It’s Tuesday. The second blue sky of the week, first to carry winter’s bite. Grass has that damp wilted look that echoes cold. Its edges are withered. The ivy on the telegraph pole has gone spindly and cobwebs glisten left, right and centre. You’d swear we had a spider invasion but it’s only the cold making them shine. Like lace they are, and fine lace at that.
‘Silver sparkled circles shine
When morning casts her dew
Golden glints on every line
As sunshine scatters through
Wakey, wakey little one
No time to stay abed
Stretch your legs and fix your web
Your children must be fed.’
Who wrote that? Was it a man or a woman? I think it was a man. Could have been a woman with a mannish name. ‘Twas one of those names you could give a man or woman. Was it Francis? Maybe it was Leslie. Was it Leslie I wonder? Feck. I can’t remember. Now I’ll spend the whole day thinking about it and it won’t come to me ’til three o’clock tomorrow morning. What’s the bet? And I won’t get a wink of sleep ’til that happens. I’m a right egit, myself and my spider poems. Haven’t spiders always been around, no more than myself? Webs and wrinkles. The old reliables and I sporting both side by side. I have enough on me to cover the hide of an elephant. Dementia too, that’s what the neighbours will think if they hear me talking to myself, and worse still, reciting poetry I must have learnt sixty years ago. Thank God for thick walls, otherwise I’d be in a home for the bewildered.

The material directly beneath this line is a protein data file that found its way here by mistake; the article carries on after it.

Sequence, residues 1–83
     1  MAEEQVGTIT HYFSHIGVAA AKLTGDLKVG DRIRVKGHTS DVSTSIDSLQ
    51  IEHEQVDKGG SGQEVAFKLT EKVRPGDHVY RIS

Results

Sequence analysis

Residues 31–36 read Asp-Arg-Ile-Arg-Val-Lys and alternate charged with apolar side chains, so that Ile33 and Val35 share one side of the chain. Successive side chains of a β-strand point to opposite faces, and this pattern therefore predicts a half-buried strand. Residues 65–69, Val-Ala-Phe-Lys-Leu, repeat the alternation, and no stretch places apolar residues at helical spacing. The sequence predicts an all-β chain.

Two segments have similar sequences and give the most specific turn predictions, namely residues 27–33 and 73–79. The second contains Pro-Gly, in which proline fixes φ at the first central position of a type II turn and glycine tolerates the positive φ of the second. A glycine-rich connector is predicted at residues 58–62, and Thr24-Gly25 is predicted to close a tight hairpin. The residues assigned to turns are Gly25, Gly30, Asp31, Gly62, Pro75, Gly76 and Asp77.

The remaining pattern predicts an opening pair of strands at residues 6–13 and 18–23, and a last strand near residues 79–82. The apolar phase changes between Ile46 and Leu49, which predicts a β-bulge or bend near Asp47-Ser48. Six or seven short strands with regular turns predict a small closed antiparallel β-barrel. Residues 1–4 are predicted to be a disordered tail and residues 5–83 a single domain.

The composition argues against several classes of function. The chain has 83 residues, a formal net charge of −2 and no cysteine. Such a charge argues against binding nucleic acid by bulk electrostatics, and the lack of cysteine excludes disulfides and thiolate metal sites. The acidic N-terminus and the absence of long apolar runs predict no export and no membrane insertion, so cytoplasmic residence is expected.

Mind you, that was a catchy poem though I was always convinced, man or woman, ‘twas written by someone who liked to persecute small children. Either that or he hated them outright. ‘Silver sparkled circles shine.’ Jesus! What child could say that? And who in their right mind would ask them to? I must have been the best part of a week trying to get my mouth around it when we had to learn it in school. And poor Bridie Murray, herself and her lisp. She had half the class drowned by the time she got to the end of the first verse, and herself damn near drowned by the end of the second, God bless the mark. But no one teased her for it. Who would dare? She was a foot and a half taller than all the rest of us and had four strapping brothers that were nothing short of giants. ‘Sparkled silver circles’ my backside. I can’t get it right even now.